Anyone following the fortunes of Eric Green’s shoegaze documentary Beautiful Noise couldn’t be blamed for wondering when it would finally see the light of day. Though it was first conceived of a decade ago, the film, which chronicles the rise of a style that has influenced Daft Punk to Deafheaven and the Dum Dum Girls, seems to have been in development even longer. Fans of the genre are likely to find it worth the wait: With numerous interviews from forebears like the Cocteau Twins and My Bloody Valentine, plus footage and memories from acts that followed (including first wave legends like Lush, Ride, Slowdive and the Pale Saints), it functions both as a handy primer for the uninitiated and an artfully-constructed nostalgia trip for acolytes.
We spoke with director Eric Green just a few days after the films screened in Los Angeles (it debuted at the Seattle International Film Festival earlier this year), and three days before its New York debut at Lincoln Center.
What was your earliest exposure to shoegaze, as you remember it? A first song, a first press mention, a first show?
I was up late on a Sunday night watching MTV’s 120 Minutes, and they played “Reverence” by the Jesus and Mary Chain. The way William Reid layers that guitar on that song! I did some detective work, but even growing up in New York, things weren’t always easy. I remember going to St. Mark’s Place, getting CDs at Bleecker Bob’s and Generation Records. Once I got through all the JAMC stuff, it was “Oh! My Bloody Valentine, Ride, Slowdive,” and before you know it, I have a whole shelf full of this stuff. At one point, I couldn’t even find Loveless in Manhattan. I ended up buying a scratched-up used-CD copy. I still have it — I can still see the razor marks on the case.
The film’s been in production for 10 years, and a length like that on any project can often mean a big difference between original intent and the final result. Was there a particular goal that guided you through the creation of Beautiful Noise?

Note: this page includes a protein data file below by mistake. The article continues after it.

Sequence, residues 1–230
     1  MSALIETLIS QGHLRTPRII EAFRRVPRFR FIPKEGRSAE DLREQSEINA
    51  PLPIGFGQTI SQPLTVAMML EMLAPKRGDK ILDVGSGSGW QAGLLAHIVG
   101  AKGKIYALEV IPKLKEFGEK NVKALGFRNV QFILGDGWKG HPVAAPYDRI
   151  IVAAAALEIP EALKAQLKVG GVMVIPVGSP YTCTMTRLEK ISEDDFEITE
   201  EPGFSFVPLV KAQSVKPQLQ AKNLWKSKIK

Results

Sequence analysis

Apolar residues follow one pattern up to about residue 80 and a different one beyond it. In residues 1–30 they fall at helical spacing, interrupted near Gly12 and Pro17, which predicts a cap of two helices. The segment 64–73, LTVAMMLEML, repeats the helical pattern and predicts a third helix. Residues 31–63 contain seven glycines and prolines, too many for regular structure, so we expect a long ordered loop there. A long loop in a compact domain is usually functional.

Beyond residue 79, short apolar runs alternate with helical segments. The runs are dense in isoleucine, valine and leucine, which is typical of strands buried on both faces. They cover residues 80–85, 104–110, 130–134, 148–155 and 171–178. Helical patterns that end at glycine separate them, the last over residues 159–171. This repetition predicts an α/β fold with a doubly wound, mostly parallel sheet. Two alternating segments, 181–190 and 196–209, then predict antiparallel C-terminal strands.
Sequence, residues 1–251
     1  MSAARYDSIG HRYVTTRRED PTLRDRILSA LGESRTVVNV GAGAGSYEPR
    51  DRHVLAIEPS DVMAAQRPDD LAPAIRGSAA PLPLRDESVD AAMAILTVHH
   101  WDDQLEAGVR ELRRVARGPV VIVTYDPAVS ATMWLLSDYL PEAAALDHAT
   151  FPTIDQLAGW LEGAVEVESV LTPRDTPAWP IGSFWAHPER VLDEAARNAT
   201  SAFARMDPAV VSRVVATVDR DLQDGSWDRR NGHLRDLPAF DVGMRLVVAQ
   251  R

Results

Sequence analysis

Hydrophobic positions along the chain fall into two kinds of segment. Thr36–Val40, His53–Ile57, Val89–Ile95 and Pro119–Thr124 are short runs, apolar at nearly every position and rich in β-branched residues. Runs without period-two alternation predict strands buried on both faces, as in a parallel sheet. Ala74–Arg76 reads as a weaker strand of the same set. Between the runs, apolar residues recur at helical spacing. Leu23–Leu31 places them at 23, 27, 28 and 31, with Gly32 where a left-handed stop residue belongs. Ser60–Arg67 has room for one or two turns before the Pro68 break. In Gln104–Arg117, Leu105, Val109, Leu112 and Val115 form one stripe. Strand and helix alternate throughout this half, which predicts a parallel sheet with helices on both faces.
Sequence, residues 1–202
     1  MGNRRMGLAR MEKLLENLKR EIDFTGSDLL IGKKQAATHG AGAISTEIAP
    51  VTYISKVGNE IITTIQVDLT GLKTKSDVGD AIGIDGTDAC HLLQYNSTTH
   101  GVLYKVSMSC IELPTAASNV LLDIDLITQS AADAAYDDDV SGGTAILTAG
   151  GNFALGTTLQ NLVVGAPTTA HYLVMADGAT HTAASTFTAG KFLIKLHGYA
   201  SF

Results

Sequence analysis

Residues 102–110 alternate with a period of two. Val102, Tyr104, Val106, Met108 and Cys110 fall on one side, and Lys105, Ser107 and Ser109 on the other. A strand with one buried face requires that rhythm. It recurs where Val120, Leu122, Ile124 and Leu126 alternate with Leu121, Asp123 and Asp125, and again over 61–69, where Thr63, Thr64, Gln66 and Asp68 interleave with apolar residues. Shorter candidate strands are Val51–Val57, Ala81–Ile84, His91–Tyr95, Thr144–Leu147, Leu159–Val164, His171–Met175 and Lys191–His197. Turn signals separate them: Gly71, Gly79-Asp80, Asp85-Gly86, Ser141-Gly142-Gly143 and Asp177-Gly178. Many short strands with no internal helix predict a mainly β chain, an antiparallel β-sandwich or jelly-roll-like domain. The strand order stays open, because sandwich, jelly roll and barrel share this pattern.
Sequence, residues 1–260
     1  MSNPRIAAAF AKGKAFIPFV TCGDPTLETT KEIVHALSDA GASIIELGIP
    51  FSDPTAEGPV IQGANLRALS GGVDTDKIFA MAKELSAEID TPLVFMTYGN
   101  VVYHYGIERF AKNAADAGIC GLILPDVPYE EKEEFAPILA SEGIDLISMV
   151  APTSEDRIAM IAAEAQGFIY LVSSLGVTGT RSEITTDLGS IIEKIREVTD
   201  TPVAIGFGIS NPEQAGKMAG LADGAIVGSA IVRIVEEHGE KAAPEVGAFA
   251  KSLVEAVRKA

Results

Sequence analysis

My wife Sarah and I are a filmmaking couple, and it’s been a pretty 50/50 ride. We wanted to stay true to how we saw these people, to present [the story] through their words. Normally, you see a rock documentary and people use really grandiose terms — one of the interesting things about a lot of these groups is about how modest they were. Particularly [the Jesus and Mary Chain's] Jim Reid. I found that very fascinating. It makes them seem more approachable, more human than some pompous rock star. We made some tweaks to the edit and we had many challenges. We didn’t focus on personal lives or drug habits, it was really a music documentary about music.
When you started the film in 2004, it was almost something of a low point in shoegaze — most of the initial bands had long since broken up, and its impact was felt more in post-rock bands like Mogwai, Godspeed! You Black Emperor and Sigur Ros. These days I think I received at least five to 10 press releases every week that mention “shoegaze” explicitly. What’s changed in how shoegaze has been received and valued from your perspective as a fan from then to now?
It’s really fascinating! We experienced the same thing. Even when we were shopping it around to big companies, they’d be all, “I haven’t heard of a lot of these bands, can we focus on one?” I’d say in the last few years, a key change been online availability — people can find this music. The way that U.K. press attacked it the first time around was brutal; now, people just see it as great music. There are favorable writeups, reissues, people doing tribute albums, cover versions, name-dropping acts. Who knows exactly when [the sentiment] turned, but it turned. You could kind of tell — people we interviewed opened up more about those bands [they had been part of]. Some of them got scarred so badly that a lot of bands from that time didn’t want to seen as part of that movement.
I really enjoy the fact that you concentrated on three bands (the Cocteau Twins, the Jesus and Mary Chain, My Bloody Valentine) who weren’t thinking of creating any kind of specific new genre. It wasn’t a codified set of rules they were following, it was more their own decisions and choices that led to something greater.
I knew that those three were basically the seeds that inspired that movement, and there was kind of a common ground amongst all of those bands that had inspired everyone. All three bands were huge pioneers, not just in the way they played music, but in the way they handled themselves on stage, the way they handled or didn’t handle press — you definitely saw a lot of running threads. There were other groups we could have put in there, but three was such a perfect number, and we wanted to have a 90-minute movie, not a five-hour one.